The basic thesis of Life Extension, is that as we get older, the body is “attacked” by various methods, (free radicals, cross-linking, genetic deterioration etc.) and that a hormonal decline occurs. (Although in some rare cases it is noted that some hormones tend to increase their production with age). The results of this change are well known to us all; reduced muscle mass, increased fatty tissue, less energy, worsening memory, reduced concentration and vigilance, bone loss, disturbed sleep patterns, skin/ hair/ eye problems etc. But the core message of Life Extension stated, perhaps clearly for the first time, that through the use of various methods, that these hormonal balances could be maintained at more youthful levels, thus slowing down the aging decline and in some cases keeping it in check.
So for the first time, we are now able to understand the idea of “biological age” and not just “chronological age.” In other words, we can now measure and interrupt the biological changes in our body’s that cause aging disorders and diseases. After all, we all look at people and make comments to ourselves such as, “they are aging well”, or indeed “they are not aging well.” But now we have biological aging markers that are means to actually measure those parameters and place a value on the “speed” of our individual aging. This way, an Anti-Aging physician is able to determine if a particular regime or supplement is having an effect upon slowing, or even halting an aging process.
Anti-Aging Medicine: Today
So what has occurred since 1981? Well one of the most important contributions has been the formation of numerous professional Anti-Aging associations. This in turn, has helped to encourage the dissemination of scientific information. For example, there are thousands of professional medical memberships in organizations such as the American Academy of Anti-Aging Medicine, the American College for Advancement in Medicine, the International College for Advanced Longevity Medicine, the British Longevity Society and International Antiaging Systems. Principally these organizations issue newsletters, publications and hold regular meetings and conferences around the world that enable the word about Anti-Aging Medicine to spread even faster.
For example, at the forthcoming 3rd Monte Carlo Anti-Aging Conference, which is to be held September 6-7, 2002 at Le Grand Hotel, Monaco, over 400 professional attendees are expected to discuss the latest scientific and clinical advances in international procedures, nutrition and medicine.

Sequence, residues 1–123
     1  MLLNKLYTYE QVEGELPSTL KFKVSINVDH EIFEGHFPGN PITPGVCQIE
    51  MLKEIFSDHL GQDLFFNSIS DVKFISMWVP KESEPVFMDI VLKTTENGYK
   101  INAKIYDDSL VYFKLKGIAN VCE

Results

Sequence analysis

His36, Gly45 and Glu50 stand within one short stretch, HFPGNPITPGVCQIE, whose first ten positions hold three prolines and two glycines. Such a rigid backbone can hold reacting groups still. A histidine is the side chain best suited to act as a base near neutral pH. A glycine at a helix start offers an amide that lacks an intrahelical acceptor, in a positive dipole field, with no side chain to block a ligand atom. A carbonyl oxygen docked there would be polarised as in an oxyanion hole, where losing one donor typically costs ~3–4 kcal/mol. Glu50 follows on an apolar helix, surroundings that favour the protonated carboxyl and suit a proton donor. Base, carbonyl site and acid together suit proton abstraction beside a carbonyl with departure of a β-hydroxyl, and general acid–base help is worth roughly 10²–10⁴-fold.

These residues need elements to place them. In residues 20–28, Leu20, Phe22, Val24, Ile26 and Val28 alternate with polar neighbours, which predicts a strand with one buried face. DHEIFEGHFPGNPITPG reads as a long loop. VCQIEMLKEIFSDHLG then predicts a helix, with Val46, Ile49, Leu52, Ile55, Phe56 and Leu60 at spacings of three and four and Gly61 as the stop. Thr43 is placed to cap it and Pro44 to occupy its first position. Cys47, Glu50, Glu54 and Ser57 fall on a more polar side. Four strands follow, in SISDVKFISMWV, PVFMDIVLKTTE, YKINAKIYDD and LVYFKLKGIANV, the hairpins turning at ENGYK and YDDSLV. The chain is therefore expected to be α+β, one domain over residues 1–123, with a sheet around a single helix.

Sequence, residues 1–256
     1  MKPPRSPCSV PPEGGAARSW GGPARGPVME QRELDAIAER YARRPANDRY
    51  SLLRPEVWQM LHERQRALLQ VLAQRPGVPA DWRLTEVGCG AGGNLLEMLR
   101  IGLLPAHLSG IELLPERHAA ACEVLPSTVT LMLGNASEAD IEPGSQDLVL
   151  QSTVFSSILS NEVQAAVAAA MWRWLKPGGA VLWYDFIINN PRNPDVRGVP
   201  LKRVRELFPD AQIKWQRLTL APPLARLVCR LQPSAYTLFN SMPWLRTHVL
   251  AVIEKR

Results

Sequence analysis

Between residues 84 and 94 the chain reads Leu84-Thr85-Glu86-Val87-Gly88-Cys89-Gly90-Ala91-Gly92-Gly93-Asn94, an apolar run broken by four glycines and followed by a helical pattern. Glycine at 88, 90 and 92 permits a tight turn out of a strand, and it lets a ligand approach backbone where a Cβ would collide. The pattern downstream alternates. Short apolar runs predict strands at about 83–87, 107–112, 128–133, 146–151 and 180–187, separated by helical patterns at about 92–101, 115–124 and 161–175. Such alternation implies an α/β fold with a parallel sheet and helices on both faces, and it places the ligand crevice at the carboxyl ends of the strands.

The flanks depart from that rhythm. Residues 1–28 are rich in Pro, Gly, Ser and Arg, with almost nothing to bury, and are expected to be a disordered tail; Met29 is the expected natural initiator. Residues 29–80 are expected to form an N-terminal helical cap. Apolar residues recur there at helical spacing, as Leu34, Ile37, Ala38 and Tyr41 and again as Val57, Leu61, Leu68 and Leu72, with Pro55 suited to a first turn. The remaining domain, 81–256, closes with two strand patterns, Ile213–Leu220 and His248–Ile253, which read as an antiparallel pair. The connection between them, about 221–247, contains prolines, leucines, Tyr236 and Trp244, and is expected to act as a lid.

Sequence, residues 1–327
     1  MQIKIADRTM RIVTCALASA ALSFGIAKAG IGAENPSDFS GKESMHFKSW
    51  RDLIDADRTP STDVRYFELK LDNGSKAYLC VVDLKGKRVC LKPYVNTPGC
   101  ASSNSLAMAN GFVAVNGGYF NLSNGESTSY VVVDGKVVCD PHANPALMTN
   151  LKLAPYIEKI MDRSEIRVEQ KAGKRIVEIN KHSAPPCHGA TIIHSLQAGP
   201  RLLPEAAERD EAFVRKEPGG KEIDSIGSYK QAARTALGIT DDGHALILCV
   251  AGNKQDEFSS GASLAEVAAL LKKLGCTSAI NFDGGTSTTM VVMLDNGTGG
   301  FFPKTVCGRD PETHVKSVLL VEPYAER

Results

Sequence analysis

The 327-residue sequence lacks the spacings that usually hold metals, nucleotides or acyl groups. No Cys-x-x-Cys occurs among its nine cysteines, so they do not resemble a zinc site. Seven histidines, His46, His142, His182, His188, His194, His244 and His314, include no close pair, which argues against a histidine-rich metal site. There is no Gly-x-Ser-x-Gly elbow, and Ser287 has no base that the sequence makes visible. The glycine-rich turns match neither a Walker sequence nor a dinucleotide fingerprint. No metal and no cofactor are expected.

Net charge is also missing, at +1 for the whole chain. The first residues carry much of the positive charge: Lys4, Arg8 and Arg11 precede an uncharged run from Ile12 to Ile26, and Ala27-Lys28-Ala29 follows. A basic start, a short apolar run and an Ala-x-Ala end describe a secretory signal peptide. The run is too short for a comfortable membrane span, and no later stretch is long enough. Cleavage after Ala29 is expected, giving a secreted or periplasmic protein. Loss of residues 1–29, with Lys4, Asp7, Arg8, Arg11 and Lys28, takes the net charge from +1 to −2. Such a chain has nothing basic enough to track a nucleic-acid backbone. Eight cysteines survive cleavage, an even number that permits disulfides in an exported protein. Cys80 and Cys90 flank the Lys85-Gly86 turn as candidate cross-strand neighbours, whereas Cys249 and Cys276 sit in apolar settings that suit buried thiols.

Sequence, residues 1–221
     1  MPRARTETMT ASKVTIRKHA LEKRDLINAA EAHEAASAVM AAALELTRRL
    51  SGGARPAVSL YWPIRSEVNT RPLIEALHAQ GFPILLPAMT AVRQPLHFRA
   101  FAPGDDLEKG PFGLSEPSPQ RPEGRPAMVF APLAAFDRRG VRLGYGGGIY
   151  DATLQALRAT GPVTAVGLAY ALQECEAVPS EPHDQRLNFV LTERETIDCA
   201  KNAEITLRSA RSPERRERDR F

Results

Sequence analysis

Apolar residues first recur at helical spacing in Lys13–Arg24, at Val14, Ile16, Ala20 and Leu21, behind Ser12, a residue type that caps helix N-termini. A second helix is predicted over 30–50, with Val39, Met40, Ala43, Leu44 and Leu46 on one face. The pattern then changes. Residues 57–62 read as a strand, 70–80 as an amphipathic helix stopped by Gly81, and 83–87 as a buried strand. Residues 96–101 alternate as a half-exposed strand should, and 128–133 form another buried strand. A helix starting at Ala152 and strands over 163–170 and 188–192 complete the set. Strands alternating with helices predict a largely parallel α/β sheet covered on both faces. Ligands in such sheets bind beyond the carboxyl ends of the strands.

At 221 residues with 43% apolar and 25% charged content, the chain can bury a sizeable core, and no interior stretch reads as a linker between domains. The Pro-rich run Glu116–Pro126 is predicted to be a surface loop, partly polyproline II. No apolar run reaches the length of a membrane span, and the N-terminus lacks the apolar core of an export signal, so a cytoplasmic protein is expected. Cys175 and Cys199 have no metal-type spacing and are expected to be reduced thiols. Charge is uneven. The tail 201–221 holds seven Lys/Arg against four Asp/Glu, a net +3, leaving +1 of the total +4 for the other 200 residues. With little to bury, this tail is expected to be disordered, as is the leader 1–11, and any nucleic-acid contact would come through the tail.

Just some of the topics of the lectures include; the Russian cure for senile cataract with an eye-drop: The use of natural cell defenses against cancer: The discovery of breast cancer markers: The use of various natural hormone replacement therapies for men and women: Detoxification of heavy metals and allergies: The membrane hypothesis of aging: Improving and maintaining sexual desire in senior years: Cell sensequence, gene intervention therapies and the impact on human longevity.
Anti-Aging Medicine: Tomorrow
The types of predictions that are being made at such professional conferences tend to astound the average person when they hear them for the first time. But the clearer scientific understanding of how our various biological processes work together, combined with a truly natural preventative medicine approach, may allow us to have healthy, disease free life spans of several centuries, not just several decades (sic).
What’s more, much of the “technology” to make this happen already exists, or is very much “in the pipeline.” The kind of information that is being presented at the 3rd Monte Carlo Anti-Aging Conference is not confined to the realms of science fiction, with “suggestions” such as one day this may be possible, or one day that may be possible.
Most Anti-Aging scientists and researchers agree that fundamental and far reaching advances in Anti-Aging Medicine, are merely a few years away!
About the author:
Phil Micans, PharmB., has degrees in Food and Vitamin Technology and Pharmacology. He has been actively involved in Anti-Aging Medicine since 1986 and became initially interested after reading Pearson and Shaw’s book; Life Extension. His current accreditations include being Editor of the Anti-Aging Bulletin, consultant to the International Journal of Anti-Aging Medicine, co-writer of The New Millennium Guide to Anti-Aging Medicine and the A4M Anti-Aging PDR. He is also Vice President of International Anti-Aging Systems.
Phil Micans, PharmB., will be one of the speakers at the forthcoming 3rd Monte Carlo Anti-Aging Conference. Set for September 6-7, 2002, further details of this breakthrough event are available at www.antiaging-conference.com or by calling Mr. Brad Eitner in the UK on +44 (0) 870 901 7878.